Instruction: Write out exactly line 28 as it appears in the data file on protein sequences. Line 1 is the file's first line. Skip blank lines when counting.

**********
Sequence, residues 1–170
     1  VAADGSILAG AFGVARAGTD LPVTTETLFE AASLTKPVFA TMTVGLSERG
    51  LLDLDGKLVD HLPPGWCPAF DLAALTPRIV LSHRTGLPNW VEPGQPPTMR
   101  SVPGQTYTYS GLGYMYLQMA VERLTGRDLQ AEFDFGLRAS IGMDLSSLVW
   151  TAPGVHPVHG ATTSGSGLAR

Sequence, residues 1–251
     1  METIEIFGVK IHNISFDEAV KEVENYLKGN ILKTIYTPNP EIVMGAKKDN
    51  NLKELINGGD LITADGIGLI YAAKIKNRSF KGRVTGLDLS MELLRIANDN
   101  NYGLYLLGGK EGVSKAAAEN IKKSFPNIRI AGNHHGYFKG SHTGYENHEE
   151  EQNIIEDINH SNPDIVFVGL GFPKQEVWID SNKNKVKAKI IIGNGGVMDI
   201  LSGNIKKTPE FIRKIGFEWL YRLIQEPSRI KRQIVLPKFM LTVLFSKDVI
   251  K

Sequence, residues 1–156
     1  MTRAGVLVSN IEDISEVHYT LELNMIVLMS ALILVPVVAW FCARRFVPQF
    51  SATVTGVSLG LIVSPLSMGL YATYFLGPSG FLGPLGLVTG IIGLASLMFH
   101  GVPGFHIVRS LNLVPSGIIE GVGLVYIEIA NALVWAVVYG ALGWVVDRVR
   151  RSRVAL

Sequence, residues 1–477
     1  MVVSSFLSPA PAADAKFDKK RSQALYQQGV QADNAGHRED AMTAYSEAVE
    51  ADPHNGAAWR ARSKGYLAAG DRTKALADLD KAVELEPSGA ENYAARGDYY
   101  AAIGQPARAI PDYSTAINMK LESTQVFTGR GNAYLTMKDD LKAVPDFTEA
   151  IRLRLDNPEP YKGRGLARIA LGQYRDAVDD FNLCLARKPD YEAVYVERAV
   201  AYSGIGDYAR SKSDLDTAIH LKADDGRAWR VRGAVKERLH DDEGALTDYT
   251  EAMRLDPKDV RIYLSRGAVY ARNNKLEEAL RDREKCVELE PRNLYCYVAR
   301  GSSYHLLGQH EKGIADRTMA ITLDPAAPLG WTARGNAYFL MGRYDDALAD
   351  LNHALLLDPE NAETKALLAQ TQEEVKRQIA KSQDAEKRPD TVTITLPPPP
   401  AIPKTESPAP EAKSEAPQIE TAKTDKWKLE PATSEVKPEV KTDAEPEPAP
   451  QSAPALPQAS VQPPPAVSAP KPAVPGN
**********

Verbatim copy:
   451  QSAPALPQAS VQPPPAVSAP KPAVPGN